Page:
Why Exercise? Brain Health + Happiness

Let’s admit it: exercise can be a total hassle. We need a different set of clothing. It takes time out of our over-charged, highly-tasked, precious day. We get sweaty inconveniencing our wardrobe choices. And by the way, who wants to take two showers a day. We lose time with errands, work projects, and additional rest. Some of us feel stupid or uncoordinated doing it.

Worst of all, IT IS HARD and IT “HURTS.”

I love what I do. I show people how to exercise correctly. I like to exercise. Yet, I realize there are many who do not enjoy exercise. This article is for you!

I have two new reasons to start exercising: it can increase brain health AND it can make you happy.

Numerous studies have proven exercise is very good for the brain. I wrote a piece on increased white matter in the brain. White matter is the subway system for the brain steering communication. Researchers at the University of California Los Angeles and other institutions studied 900 individuals over the course of 10 years and included M.R.I. brain scans. The researchers tracked their exercise and their brain scans. Exercise included walking, dancing, gardening, swimming and cycling.

Turns out the most active quartile of those studied revealed increased grey matter in parts of the brain which is responsible for memory and higher level thinking. More gray matter is generally equated with greater brain health.

Even better, brain scans showed substantially greater increases in grey matter with those whose physical activity increased over the course of 5 years.

Need I say more? Get up and take a walk. Crank up the music and dance in the mirror!


When you exercise, your brain recognizes it as a moment of stress. As humans, we are built for “fight” or “flight”. As your heart pressure increases, the brain thinks you are either fighting the enemy or fleeing from it. To protect yourself and your brain from stress, you release a protein called BDNF (Brain-Derived Neurotrophic Factor). The job of the BDNF is to protect and repair your memory neurons and act as a reset switch. When it does its job, we feel relaxed, things are clearer and eventually we feel happy.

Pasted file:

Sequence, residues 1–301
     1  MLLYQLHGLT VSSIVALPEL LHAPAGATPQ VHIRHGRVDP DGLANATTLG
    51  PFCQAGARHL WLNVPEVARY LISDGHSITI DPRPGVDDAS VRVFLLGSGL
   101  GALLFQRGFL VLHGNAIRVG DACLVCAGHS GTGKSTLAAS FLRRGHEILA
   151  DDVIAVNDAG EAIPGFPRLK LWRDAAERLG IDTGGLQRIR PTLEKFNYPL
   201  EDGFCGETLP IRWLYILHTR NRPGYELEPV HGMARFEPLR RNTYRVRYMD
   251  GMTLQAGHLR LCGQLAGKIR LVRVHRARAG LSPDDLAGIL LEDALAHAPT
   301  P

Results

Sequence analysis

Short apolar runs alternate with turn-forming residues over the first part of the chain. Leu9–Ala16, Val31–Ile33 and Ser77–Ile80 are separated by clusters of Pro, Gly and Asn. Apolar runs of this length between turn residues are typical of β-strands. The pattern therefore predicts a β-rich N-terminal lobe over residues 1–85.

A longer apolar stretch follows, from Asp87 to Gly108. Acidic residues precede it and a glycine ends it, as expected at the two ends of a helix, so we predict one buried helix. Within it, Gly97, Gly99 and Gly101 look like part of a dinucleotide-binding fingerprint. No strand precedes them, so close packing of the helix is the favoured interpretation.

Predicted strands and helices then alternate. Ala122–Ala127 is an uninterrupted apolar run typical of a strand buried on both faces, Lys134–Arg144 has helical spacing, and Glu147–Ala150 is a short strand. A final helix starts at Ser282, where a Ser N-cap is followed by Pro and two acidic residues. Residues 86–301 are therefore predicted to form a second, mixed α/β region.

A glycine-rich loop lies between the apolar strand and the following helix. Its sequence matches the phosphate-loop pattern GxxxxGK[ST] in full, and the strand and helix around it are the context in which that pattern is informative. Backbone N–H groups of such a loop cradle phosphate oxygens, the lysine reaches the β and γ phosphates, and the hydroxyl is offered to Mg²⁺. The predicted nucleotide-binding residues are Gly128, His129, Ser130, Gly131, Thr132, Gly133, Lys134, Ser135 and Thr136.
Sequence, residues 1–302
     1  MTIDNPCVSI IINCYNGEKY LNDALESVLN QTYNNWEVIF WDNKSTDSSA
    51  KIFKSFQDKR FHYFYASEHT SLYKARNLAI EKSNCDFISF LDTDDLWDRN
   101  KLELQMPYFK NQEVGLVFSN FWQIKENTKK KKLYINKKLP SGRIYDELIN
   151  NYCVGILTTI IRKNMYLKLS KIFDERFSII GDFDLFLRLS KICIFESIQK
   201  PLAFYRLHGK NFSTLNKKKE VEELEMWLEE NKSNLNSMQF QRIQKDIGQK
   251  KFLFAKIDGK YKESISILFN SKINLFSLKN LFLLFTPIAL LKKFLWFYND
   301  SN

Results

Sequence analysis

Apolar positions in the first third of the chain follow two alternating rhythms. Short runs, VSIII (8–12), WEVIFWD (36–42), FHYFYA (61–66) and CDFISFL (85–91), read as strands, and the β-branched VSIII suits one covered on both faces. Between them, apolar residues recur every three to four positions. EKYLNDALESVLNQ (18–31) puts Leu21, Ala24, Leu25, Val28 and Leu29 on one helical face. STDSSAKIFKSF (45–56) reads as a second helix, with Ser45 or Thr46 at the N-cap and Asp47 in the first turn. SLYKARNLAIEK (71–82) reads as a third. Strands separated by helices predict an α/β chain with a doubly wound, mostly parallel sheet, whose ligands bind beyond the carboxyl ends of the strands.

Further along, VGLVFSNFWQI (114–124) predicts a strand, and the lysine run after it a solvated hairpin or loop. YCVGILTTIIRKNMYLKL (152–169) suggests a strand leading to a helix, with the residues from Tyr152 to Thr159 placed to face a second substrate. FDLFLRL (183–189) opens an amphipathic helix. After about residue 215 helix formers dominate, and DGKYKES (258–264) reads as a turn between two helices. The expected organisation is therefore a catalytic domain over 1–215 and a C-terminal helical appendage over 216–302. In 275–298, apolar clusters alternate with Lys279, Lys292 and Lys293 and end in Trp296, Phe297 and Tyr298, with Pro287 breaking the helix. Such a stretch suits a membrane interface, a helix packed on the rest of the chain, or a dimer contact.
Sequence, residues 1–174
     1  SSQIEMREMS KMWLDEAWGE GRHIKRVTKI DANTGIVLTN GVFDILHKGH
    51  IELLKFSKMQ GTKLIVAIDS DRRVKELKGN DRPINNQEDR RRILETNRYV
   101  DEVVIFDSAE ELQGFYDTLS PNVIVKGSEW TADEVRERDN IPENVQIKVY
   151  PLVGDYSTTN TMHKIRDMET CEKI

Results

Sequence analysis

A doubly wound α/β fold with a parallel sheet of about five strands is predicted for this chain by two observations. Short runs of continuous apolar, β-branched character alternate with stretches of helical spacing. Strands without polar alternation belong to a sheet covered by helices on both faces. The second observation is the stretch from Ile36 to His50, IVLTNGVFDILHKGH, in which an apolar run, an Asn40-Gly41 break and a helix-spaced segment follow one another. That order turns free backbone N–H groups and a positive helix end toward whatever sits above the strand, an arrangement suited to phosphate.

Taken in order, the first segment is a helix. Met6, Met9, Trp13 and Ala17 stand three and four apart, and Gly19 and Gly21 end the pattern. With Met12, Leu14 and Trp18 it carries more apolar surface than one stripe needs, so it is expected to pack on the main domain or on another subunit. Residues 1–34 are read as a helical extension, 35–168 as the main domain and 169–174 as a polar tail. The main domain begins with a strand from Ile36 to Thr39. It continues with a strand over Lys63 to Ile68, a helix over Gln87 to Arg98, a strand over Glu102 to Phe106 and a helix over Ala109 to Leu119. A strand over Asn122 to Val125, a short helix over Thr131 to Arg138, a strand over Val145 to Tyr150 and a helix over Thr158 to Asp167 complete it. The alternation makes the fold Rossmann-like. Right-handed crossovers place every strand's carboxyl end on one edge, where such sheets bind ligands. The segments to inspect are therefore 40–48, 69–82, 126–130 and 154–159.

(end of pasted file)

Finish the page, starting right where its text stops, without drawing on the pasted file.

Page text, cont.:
In addition, endorphins, another chemical to fight stress, is released in your brain. Your endorphins main purpose is to minimize the discomfort of exercise, block the feeling of pain and are even associated with a feeling of euphoria.

Furthermore, a study by New York Times Columnist Gretchen Reynolds (super smart on health and wellness issues!), opines that 20 minutes is all we need to reach that brain love of happiness. So for those of you who do not have an exercise program or have taken a long break from one, this is your study!

Reynolds says “The first 20 minutes of moving around provide most of the health benefits. You get prolonged life, reduced disease risk — all of those things come in the first 20 minutes of being active.”

If increasing your brain health and making you a happier person isn’t enough reasons to start exercising, how about all these other FUN benefits. . . just to name a few:

* being more confident
* meeting new people
* trying out a sport that you’ve always wanted to do
* breathing fresh air out doors
* wearing something sleeveless with confidence
* sleeping better and feeling rested
* walking up a flight of stairs without gasping for air
* fitting into an old pair of jeans
* clearing your mind
* exploring a new city or a new location in your area

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